Two Poems by Mary Shanley

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The Oldest Part of the City
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Sometimes, if you lay very still,
you can feel the web tremble.
.
With the multiple corpses
we drag around inside us,
.
I was wearying, and then
the air changed, and I was
in motion,
.
Take me to the oldest part of the city,
where there are faded names of casinos
.
and loan sharks on the windows.
Where there is one greasy spoon among
.
a scarce population of people for whom
there is nothing to be done. Faces, hair
.
and clothing are all from the distant past.
There are whispers and murmurs
among the remnants.
.
Take me to the oldest part of the city,
to the Four Queens Casino,
.
where I can dialogue with my dreams;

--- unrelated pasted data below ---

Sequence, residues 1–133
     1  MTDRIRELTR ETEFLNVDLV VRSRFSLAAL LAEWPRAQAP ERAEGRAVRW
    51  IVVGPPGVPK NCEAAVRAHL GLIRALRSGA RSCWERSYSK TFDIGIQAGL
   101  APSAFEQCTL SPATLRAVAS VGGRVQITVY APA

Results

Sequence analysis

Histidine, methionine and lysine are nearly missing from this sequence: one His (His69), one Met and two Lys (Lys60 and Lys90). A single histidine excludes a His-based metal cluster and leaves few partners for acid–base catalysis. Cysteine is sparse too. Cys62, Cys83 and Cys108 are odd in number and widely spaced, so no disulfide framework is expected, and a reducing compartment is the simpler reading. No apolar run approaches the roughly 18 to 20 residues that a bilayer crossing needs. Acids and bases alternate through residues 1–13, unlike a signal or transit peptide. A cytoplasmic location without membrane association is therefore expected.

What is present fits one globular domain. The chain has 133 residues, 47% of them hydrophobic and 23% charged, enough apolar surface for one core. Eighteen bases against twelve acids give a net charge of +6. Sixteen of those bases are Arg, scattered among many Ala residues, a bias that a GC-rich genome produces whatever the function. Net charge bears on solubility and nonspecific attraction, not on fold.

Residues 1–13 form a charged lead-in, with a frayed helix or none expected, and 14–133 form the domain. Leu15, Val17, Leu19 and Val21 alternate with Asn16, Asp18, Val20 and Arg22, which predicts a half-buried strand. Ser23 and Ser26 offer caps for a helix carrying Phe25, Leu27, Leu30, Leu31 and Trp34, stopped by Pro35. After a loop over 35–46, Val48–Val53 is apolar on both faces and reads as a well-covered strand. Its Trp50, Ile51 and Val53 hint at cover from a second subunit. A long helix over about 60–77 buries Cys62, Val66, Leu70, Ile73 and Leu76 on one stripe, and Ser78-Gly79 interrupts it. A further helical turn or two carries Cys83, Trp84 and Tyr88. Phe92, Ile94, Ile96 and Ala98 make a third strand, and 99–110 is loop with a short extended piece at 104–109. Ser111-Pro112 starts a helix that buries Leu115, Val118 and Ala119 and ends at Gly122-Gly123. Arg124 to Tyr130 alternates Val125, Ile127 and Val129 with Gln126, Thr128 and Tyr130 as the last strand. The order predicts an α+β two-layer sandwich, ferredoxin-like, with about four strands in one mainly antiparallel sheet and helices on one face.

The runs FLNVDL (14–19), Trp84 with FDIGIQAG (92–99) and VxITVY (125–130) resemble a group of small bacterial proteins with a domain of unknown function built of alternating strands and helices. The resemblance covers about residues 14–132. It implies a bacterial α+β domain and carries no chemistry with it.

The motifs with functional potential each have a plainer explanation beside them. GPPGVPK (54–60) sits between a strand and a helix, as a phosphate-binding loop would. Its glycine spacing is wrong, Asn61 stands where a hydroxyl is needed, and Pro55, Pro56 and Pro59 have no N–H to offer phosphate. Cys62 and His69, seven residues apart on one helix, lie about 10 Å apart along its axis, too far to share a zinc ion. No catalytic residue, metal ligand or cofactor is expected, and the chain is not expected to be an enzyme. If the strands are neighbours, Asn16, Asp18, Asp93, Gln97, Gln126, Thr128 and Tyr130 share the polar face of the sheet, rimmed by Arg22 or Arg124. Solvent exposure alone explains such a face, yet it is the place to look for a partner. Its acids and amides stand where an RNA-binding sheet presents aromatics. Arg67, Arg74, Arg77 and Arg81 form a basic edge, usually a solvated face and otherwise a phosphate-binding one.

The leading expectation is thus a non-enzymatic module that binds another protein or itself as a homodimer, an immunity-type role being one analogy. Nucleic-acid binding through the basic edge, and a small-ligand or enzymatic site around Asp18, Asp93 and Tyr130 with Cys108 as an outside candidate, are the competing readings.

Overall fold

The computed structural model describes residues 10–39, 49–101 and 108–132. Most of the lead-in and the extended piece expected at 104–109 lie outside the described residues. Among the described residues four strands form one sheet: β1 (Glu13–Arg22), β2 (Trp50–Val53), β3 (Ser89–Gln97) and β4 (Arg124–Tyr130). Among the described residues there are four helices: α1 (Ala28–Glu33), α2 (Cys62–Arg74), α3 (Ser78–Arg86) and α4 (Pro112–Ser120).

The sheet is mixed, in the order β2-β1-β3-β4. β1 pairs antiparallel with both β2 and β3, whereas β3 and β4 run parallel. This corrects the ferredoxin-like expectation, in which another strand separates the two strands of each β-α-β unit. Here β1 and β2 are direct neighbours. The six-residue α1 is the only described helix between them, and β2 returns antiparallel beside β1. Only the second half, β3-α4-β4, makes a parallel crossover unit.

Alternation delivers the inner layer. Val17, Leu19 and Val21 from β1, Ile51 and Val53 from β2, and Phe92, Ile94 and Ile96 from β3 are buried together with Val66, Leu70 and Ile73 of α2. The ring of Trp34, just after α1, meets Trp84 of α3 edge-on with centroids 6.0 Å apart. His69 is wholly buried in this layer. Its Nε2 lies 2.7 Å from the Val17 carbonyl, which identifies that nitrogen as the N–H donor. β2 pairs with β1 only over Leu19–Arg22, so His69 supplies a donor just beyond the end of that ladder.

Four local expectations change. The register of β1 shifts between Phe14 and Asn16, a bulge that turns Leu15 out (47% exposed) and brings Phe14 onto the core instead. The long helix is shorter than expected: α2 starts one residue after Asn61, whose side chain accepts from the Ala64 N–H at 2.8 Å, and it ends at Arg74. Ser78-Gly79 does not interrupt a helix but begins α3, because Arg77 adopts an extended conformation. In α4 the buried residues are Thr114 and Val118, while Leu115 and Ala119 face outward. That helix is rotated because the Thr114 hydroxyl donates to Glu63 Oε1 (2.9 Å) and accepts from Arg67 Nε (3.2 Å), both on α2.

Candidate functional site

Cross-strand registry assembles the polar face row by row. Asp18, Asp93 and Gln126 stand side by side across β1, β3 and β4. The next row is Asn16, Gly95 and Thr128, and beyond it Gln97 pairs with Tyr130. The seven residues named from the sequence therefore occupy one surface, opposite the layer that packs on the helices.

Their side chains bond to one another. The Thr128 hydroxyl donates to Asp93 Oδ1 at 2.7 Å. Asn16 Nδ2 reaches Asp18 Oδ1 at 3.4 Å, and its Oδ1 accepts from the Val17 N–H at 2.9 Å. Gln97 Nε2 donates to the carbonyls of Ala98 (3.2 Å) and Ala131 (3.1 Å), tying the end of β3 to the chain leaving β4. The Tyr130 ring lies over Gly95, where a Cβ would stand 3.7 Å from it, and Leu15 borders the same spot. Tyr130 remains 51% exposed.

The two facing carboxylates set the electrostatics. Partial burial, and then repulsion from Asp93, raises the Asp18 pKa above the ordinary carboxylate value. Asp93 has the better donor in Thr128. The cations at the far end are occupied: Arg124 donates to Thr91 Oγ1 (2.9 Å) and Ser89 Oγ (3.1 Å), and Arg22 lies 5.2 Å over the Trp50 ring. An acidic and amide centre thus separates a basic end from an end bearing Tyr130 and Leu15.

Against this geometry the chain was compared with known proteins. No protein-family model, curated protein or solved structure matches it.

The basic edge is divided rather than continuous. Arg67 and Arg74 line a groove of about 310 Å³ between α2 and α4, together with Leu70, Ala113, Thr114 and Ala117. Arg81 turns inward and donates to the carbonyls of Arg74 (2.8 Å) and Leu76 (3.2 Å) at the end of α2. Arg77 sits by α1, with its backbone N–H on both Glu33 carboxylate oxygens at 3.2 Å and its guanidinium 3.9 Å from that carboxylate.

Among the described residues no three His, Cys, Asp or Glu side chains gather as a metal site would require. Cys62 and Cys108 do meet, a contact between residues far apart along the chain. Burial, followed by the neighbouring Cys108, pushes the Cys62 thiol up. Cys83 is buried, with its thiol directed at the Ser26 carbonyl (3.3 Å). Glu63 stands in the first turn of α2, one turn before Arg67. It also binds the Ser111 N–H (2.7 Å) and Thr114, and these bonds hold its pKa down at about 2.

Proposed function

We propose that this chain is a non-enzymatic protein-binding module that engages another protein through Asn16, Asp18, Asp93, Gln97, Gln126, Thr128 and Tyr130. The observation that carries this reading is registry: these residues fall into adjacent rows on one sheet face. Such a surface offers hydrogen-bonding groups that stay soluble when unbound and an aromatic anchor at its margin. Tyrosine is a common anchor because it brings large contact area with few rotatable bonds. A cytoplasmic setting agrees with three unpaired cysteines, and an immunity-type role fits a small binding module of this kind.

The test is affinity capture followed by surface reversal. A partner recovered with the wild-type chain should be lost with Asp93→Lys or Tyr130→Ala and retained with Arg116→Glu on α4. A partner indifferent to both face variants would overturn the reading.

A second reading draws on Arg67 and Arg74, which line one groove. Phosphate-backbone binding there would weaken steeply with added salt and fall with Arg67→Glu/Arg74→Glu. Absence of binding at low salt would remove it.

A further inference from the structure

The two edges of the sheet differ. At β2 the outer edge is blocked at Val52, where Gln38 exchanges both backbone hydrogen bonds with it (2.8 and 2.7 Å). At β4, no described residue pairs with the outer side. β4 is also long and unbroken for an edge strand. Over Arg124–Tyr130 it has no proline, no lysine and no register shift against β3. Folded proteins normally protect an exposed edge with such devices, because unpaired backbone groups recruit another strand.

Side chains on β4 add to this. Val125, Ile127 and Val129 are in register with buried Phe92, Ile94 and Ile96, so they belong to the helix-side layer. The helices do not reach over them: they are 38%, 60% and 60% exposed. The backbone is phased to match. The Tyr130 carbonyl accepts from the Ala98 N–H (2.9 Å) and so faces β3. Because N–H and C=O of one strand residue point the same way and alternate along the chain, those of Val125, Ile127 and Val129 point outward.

where I can pretend to be a card shark;
.
where the ash on one of the heavily made up,
senior’s cigarette, is one inch long
.
Take me to the oldest part of the city,
where there is no difference between you and me.
.
But, how then, will I know who you are to me?
There are some things that nobody knows.
.
It is all hidden in the oldest part of the city.
.
Choke Talk
.
Frankie smokes on the fly
outside the Duane Reade store,
where she works as a cashier.
Every break and lunch hour,
Frankie pulls on a Camel
non-filter; her head lowered,
as if shame accompanied
every inhale.
.
I tried to figure Frankie’s age.
with her slight black figure
and defeat etched into the lines
on her face, Frankie looks older
than language.
.
When I stop for a quick, “Hello,”
Frankie attempts to speak. She
barely has enough oxygen to choke
out a, “Hello.” Like a balloon losing
air, now I see Frankie, now I don’t;
as she fades in full sight.
.
Mary Shanley is a poet/storyteller living with her wife in NYC.
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